The government’s deep-rooted disdain for democracy and democratic accountability is disturbing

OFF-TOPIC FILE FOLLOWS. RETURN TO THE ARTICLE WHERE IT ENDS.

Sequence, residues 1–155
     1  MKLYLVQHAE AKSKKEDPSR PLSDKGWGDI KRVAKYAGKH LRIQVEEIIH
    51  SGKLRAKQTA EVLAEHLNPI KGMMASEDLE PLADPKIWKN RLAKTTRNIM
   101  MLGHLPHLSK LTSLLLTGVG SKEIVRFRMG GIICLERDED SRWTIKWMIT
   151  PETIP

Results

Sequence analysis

The people of India have learnt that when it comes to understanding today’s situation, Prime Minister Narendra Modi’s actions speak far louder than his words. His statements - when he is not venting anger on the Opposition or blaming past leaders for today’s ills - either ignore the most pressing, vital issues of the day or are platitudes and verbal gymnastics to gloss over or distract from these issues. His actions, on the other hand, leave little to the imagination on the government’s true intentions. An attack on institutions Over the past months, we have witnessed the Prime Minister and his government systematically dismantling all three pillars of India’s democracy - the legislature, the executive and the judiciary, with their actions demonstrating a deep-rooted disdain for democracy and democratic accountability. Consider first recent goings-on in Parliament. In the last session, we saw a government-led strategy to disrupt Parliament and prevent the Opposition from raising issues of grave concern to the country and its people, such as unemployment, inflation and social divisions, and discussing the year’s Budget and the Adani scam among other vital issues. Faced with a determined Opposition, the Narendra Modi government resorted to unprecedented measures - expunging speeches, preventing discussion, attacking Members of Parliament and, finally, disqualifying a Congress Member of Parliament at lightning speed. As a result, the Budget of 45 lakh crore of rupees of people’s money was passed without any debate. In fact, the Prime Minister was busy inaugurating projects in his constituency with widespread media coverage when the Finance Bill was rammed through the Lok Sabha. The Narendra Modi government’s misuse of the Central Bureau of Investigation and the Enforcement Directorate is well known, with over 95% of political cases filed only against the Opposition Parties and cases against those who join the Bharatiya Janata Party (BJP), miraculously evaporating. The misuse of laws meant for national security against journalists, activists, and reputed think-tanks has been unprecedented. The Prime Minister makes grandiose statements about truth and justice even as allegations of financial fraud against the Prime Minister’s chosen businessman are ignored, Interpol withdraws a notice against the fugitive, Mehul Choksi, and the convicted rapists of BilkisBano are set free and go on to share a stage with BJP leaders. The systematic effort to undermine the credibility of the judiciary has reached crisis point, with the Union Law Minister calling some retired judges “anti-national”, and warning that “they will pay a price”. This language is deliberately chosen to misguide people, inflame their passions, and thereby intimidate serving judges. An onslaught and intimidation The media’s independence has long been compromised by the political intimidation of the government coupled with the financial might of the BJP’s friends, with evening debates on news channels emerging as slanging matches to shout down and silence those who question the government. Not satisfied with this, the government has armed itself with legal powers by amending the Information Technology rules to remove legal protections for any news which it dislikes under the label of “fake news”. The Supreme Court of India has recently made clear that criticism of the government is not grounds for penal action. Is the government listening? No doubt, an army of lawyers from the BJP and Rashtriya Swayamsevak Sangh (RSS) stand ready to harass any platform which publishes criticism of the Great Leader. Enforcing silence cannot solve India’s problems. The Prime Minister is silent on legitimate questions on his government’s actions which affect the lives of millions. The Finance-Minister did not mention unemployment or inflation in her Budget speech; it is as if these problems do not exist. Her silence does not help crores struggling to afford daily commodities such as milk, vegetables, eggs, cooking gas and oil; or youth facing record unemployment rates. After failing on his promise to double the income of farmers by 2022, the Prime Minister has conveniently fallen silent. But their problems of rising costs and unremunerative prices for their crops remain here and now. The Prime Minister ignores the rising tide of hatred and violence, egged on by BJP and RSS leaders, and has not once called for peace or harmony, or acted to reign in offenders, let alone bring them to justice. Religious festivals seem to have become occasions to intimidate and bully others; a far cry from when they were occasions for joy and celebration. Instead, there is intimidation and discrimination only on account of their religion, food, caste, gender or language. On the live border issue with China, we have the spectacle of the Prime Minister in denial about Chinese infiltration, the government blocking discussion in Parliament, while the External Affairs Minister adopts a defeatist attitude when it comes to China, which is further emboldened in its intransigence. The days ahead are crucial Despite the Prime Minister’s best efforts, the people of India cannot and will not be silenced. The next few months are a crucial test of our democracy. Our nation is at the crossroads, with the Narendra Modi government bent on misusing every power and elections in several key States. The Congress Party will make every effort to take its message directly to the people, as it did in the ‘Bharat Jodo Yatra’, and will join hands with all like-minded parties to defend the Constitution of India and its ideals. Ours is a fight to safeguard the voice of the people. The Congress Party understands its solemn duty as the principal Opposition Party and stands ready to work with all like-minded parties to fulfil it.